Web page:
UK’s biggest companies increase 2021/22 total tax contribution to £81.5bn

UK’s biggest companies increase 2021/22 total tax contribution to £81.5bn

Andy Agg

The UK’s largest listed companies generated £81.5 billion in tax during the 2021/22 financial year despite lockdowns and ongoing social distancing measures throughout much of 2021, according to a new study.

The 18th annual Total Tax Contribution of the 100 Group, produced by PwC, estimates the companies contributed £26bn in taxes borne - those that are a direct cost to the company - and a further £55.5bn in taxes collected, such as income tax and employee National Insurance Contributions (NICs) deducted under PAYE, for the year ended 31 March 2022.

The survey has been compiled from data provided by 95 of the largest listed companies in the UK, coinciding with the second year of the pandemic, and has been extrapolated to estimate the overall contribution of the 100 Group as a whole.

The survey period includes the emergence from UK-wide lockdown in early 2021 and continued social distancing and remote working policies throughout much of the year

In 2021/22 the 100 Group’s tax contribution increased by 5.2% on a two-year trend basis. The increase in tax was driven by net VAT, corporation tax and fuel duty as the economy reopened. However, total tax receipts remain 3.3% lower than before the pandemic, due to the 8% decrease in 2020/21.

The survey also highlights that 100 Group capital investment rebounded by 39%, to a total of £25.8bn in 2021/22, following a decrease in the first year of the pandemic. Meanwhile, R&D expenditure continued to increase throughout the pandemic, rising by 8% to £10.9bn in 2022, following a 15% increase in 2020/21.

According to the survey, in 2021/22, the 100 Group employed approximately 1.9 million people, or 5.8% of the total UK workforce, paying an average wage of £37,514 and contributing employment taxes of £12,903 per employee on average.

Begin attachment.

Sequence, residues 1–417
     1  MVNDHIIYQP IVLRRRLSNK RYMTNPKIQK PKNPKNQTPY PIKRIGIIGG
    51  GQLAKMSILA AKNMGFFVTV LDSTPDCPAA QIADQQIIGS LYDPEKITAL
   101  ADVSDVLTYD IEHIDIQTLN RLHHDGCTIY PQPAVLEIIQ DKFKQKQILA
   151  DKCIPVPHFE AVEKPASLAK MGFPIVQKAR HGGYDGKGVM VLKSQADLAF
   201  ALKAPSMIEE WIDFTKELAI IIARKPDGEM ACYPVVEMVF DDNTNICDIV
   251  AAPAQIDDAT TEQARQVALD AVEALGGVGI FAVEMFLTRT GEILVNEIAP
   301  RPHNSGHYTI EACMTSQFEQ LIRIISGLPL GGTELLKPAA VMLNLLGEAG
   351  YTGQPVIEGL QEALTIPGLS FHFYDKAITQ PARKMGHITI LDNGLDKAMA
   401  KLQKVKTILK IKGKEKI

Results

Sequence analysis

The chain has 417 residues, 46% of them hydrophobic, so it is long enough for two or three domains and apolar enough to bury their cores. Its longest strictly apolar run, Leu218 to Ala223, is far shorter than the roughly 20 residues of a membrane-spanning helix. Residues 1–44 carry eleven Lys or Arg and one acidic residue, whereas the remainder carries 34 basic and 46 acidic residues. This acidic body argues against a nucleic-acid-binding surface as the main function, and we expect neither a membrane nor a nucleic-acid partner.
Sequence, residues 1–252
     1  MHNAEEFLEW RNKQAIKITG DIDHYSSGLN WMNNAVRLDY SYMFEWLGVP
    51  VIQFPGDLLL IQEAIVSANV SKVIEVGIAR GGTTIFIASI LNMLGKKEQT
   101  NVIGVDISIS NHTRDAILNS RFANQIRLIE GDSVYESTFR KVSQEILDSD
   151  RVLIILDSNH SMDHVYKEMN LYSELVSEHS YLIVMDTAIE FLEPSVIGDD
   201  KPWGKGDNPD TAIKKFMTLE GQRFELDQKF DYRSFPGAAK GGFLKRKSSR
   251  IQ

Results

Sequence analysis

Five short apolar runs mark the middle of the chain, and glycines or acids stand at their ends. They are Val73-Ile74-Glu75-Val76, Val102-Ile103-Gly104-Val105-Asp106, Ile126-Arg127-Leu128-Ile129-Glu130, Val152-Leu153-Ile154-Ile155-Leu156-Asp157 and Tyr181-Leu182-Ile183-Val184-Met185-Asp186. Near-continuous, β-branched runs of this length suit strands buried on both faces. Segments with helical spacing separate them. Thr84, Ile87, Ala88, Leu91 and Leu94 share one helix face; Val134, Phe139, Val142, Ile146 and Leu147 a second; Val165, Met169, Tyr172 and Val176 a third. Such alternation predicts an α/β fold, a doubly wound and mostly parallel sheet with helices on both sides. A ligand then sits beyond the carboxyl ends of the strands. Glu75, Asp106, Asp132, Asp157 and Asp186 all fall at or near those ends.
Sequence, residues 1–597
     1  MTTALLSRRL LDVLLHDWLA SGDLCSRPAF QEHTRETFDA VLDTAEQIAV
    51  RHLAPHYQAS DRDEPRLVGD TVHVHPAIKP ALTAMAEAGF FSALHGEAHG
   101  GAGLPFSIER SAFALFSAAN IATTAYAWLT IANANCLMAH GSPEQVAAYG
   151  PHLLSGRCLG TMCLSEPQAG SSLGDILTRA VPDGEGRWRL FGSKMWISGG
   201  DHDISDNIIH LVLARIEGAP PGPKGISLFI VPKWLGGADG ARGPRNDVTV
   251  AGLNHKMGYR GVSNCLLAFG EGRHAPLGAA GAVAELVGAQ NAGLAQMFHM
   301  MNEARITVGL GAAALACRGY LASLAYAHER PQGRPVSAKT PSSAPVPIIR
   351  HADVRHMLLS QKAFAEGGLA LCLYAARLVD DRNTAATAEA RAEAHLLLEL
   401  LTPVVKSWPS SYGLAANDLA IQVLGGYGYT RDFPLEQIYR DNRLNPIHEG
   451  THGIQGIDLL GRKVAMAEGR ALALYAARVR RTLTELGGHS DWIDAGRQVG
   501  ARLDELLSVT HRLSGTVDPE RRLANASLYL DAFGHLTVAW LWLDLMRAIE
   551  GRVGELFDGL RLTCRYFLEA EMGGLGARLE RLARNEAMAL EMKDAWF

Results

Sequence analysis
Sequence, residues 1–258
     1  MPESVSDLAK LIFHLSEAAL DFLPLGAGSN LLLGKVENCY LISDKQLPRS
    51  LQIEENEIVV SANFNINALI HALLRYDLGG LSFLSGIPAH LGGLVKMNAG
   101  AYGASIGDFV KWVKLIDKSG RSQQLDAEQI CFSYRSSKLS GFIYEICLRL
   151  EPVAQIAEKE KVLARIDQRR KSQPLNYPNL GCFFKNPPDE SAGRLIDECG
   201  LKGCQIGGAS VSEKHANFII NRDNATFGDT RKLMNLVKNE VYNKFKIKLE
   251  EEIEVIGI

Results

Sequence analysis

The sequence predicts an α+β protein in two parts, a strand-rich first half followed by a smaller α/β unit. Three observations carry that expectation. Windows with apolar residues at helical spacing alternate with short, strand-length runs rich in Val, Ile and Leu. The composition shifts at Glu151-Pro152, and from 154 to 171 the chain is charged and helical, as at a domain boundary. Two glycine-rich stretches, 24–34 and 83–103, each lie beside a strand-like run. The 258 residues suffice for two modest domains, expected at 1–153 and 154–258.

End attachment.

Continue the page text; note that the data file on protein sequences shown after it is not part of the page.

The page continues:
Andy Agg, chairman of The 100 Group tax committee, said: “Notwithstanding the new social and economic challenges that have emerged in recent years, this year’s survey highlights the resilience and agility of the 100 Group companies as the UK started to emerge from the pandemic. This year’s findings demonstrate that businesses were willing to continue to invest and innovate to play their part in the economic recovery amid considerable uncertainty.

“It is also important to remember and appreciate the valuable support that the Government provided through this period, while also recognising the contribution of the 100 Group to the wider economy and communities around the UK.”

Andrew Packman, tax partner at PwC, said: “As we deal with the impact of geopolitical and economic instability, this report illustrates the key role of large companies in sustaining investment in capital projects and research and development while supporting large numbers of well paid jobs.

“The tax contribution is recovering from the impact of Covid and the amount generated for the Exchequer is all the more important as the government deals with the challenges of the public finances. In difficult times, large and resilient companies are particularly important to our economy.”

Total Tax Contribution in detail

The largest tax borne was again corporation tax, at 32.2% of total taxes borne (compared to 27.0% in 2020/21). Employer NICs is the second largest tax borne, at 25.1% of total taxes borne (compared to 26.6% in 2020/21). The third largest is business rates (17.0%) followed by irrecoverable VAT (13.8%). 

For every £1 of corporation tax, £2.09 is paid in other business taxes borne. In 2005, the ratio was 1:1.

Employment taxes, at 29.9%, are the largest share of taxes collected (income tax deducted under PAYE: 22.5% and employee NIC: 7.4%) followed by fuel duties at 24.5%.. 

For every £1 of corporation tax borne by this group of companies, there is £6.65 of taxes collected.

Both taxes borne and taxes collected increased in this year’s survey, by 1.2% and 7.1% respectively. The TTC in 2022 is £4.5bn higher than in 2021.

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